cleaning the outside of binoculars
Posted 10 August 2008 - 06:37 PM
Posted 10 August 2008 - 11:36 PM
Posted 11 August 2008 - 11:47 PM
Are you still there? I must say that is about saddest, and most perplexing, little post number one that I have seen in the three years I've been here on CN binos.
Nobody is much help (thanks Hallelujah for taking a stab at it) because this is truly weird.
Tell us what kind of material the outside of your binocular is. Does it seem to be a layer of rubber, a leatherette, or what? And how long were they stored, and do you think the temperature got up to like sitting on the dashboard too hot to touch hot?
The fact that nothing seems to clean off the exterior suggests that the exterior layer has completely disintegrated, and may have to be removed altogether and restored, if the binocular is worth that kind of expensive labor. Repair is not cost effective except in binoculars worth upwards of about $500. You may just have to write it off, discard it and get another if it was not really good to start with. Moreover, a really good binocular would probably not have done this in the first place!
If it comes to that, take heart. Helping you select a new bino is one thing, believe you me, that we are really good at!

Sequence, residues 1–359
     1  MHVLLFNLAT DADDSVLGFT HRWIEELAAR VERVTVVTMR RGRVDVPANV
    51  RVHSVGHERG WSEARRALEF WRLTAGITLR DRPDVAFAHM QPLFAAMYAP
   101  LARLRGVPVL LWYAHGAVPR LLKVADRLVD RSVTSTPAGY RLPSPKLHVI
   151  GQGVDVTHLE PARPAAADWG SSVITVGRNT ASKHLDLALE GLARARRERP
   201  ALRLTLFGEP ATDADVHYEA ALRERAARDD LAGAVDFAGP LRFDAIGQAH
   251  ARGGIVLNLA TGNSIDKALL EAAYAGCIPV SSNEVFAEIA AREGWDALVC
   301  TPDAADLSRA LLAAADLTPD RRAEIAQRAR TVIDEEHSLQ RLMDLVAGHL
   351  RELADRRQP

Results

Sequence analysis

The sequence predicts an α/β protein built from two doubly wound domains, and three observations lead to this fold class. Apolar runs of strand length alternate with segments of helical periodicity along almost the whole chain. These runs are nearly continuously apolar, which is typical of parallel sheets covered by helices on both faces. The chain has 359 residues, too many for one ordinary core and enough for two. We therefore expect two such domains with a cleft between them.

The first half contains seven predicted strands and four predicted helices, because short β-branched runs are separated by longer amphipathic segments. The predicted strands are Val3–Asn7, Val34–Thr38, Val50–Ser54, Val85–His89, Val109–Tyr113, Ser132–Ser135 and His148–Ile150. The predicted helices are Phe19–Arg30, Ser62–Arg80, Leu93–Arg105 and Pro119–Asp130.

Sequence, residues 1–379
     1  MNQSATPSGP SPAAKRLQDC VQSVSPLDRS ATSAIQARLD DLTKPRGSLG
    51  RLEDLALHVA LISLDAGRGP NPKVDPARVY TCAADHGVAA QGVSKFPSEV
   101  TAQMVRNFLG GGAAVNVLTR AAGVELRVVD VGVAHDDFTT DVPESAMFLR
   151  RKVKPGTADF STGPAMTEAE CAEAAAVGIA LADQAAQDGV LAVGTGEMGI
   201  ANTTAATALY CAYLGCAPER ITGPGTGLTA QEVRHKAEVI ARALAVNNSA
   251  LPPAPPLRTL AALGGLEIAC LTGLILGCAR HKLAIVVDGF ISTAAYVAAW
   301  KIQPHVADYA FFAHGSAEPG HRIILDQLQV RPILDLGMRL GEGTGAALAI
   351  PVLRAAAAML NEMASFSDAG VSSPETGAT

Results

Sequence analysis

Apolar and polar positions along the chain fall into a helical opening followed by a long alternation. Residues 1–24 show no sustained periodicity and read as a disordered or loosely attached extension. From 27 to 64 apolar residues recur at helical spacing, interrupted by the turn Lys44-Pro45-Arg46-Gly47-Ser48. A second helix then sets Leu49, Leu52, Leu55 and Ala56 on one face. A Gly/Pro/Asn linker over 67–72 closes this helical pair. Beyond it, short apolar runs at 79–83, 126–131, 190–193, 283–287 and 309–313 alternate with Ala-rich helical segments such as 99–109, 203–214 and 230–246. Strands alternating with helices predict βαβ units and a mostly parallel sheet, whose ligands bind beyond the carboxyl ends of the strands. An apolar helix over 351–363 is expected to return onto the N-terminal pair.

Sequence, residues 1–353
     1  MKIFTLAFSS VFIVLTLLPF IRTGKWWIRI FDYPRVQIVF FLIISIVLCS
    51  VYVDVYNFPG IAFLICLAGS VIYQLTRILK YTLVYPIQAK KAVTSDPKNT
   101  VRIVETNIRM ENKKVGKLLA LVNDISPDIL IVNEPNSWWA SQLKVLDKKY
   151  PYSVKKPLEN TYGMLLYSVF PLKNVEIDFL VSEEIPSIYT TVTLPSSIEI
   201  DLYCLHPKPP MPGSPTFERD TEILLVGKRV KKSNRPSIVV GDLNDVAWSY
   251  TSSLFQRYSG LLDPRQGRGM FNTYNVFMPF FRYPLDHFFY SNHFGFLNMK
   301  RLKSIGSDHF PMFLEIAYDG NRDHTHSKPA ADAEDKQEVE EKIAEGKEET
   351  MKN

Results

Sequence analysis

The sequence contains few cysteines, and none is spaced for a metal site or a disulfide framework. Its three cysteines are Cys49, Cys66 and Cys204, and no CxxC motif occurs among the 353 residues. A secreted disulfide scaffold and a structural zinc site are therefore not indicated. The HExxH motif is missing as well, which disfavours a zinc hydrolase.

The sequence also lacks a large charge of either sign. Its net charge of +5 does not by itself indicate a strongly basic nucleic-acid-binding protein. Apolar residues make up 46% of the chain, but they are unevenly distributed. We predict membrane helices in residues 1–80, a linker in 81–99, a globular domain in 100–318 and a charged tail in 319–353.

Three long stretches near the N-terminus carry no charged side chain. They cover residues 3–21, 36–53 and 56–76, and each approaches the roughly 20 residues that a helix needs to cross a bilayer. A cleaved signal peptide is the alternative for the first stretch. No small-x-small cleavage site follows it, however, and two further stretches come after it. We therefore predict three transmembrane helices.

Posted 12 August 2008 - 05:09 AM
Does this affect the image quality?
Dos it make any difference in use?
I once had a friend who was really into trucks. He defined a "real truck" as one that showed use with scratches, dents, dirt; and a show truck as one that was spotless, shinny, never used. Maybe now you have a "real" binocular with character.
Posted 12 August 2008 - 09:53 AM
Bike repair shops have long rolls of "handlebar tape" that stretches as you put it on, and it grips largely from its tendency to contract. It's nice and grippy to touch. Just a (trashy, huh?) thought.
Posted 12 August 2008 - 06:21 PM
Posted 12 August 2008 - 10:47 PM
Posted 13 August 2008 - 03:01 AM
Posted 13 August 2008 - 05:17 PM
It sounds like you have rubber-coated binoculars and the rubber has deteriorated from the heat. It's like a rubber band that's old. It breaks or gets sticky too. I've looked through my books here on "How to Clean Anything". Guess what? Rubber is not listed. The only thing I can think of is Armorall? However, it's probably better at preventing problems. You could try a spot and see if it dries and seals the material. If that does not work, I would throw them away. That stuff can't be good on your skin. The deterioration will get worse.
Has anyone ever tried to remove the rubber housing on binoculars?